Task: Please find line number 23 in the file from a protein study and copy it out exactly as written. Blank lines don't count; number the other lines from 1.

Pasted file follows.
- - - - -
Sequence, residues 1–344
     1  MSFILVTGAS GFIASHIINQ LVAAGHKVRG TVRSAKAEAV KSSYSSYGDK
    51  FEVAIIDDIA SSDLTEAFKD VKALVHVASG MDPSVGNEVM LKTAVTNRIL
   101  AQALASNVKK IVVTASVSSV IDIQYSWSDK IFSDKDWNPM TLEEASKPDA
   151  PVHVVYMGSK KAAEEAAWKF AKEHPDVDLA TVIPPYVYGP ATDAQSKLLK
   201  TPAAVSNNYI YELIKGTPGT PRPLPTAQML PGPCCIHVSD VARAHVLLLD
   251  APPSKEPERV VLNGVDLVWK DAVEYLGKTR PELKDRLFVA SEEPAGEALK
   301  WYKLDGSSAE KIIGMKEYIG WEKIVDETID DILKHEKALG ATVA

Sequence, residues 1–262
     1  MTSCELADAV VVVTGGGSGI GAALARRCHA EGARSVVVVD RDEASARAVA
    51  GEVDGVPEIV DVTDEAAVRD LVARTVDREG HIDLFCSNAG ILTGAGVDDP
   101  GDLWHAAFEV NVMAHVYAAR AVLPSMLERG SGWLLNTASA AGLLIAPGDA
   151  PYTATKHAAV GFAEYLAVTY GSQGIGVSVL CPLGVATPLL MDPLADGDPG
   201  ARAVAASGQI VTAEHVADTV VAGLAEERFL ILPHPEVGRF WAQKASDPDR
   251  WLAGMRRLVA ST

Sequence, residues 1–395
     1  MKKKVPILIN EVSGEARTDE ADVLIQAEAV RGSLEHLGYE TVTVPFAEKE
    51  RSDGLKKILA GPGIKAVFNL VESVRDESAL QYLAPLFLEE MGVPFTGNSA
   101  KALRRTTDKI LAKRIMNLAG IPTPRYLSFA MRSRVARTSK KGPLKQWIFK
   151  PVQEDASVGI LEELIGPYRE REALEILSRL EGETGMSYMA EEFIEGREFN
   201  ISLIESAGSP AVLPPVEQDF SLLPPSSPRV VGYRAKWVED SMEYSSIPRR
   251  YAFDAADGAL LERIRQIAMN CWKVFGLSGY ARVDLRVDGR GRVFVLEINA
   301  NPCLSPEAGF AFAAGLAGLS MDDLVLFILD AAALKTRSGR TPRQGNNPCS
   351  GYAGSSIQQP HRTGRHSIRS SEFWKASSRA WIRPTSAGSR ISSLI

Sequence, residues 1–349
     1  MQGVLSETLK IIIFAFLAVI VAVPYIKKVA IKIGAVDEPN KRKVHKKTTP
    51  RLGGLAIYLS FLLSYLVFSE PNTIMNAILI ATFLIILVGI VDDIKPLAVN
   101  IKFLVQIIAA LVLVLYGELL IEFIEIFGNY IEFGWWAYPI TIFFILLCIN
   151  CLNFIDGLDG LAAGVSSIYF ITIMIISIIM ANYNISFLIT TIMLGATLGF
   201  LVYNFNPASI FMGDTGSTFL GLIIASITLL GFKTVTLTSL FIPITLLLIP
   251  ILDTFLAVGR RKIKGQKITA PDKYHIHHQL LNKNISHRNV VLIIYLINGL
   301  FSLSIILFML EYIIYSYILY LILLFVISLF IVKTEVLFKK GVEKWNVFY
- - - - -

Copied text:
   301  NPCLSPEAGF AFAAGLAGLS MDDLVLFILD AAALKTRSGR TPRQGNNPCS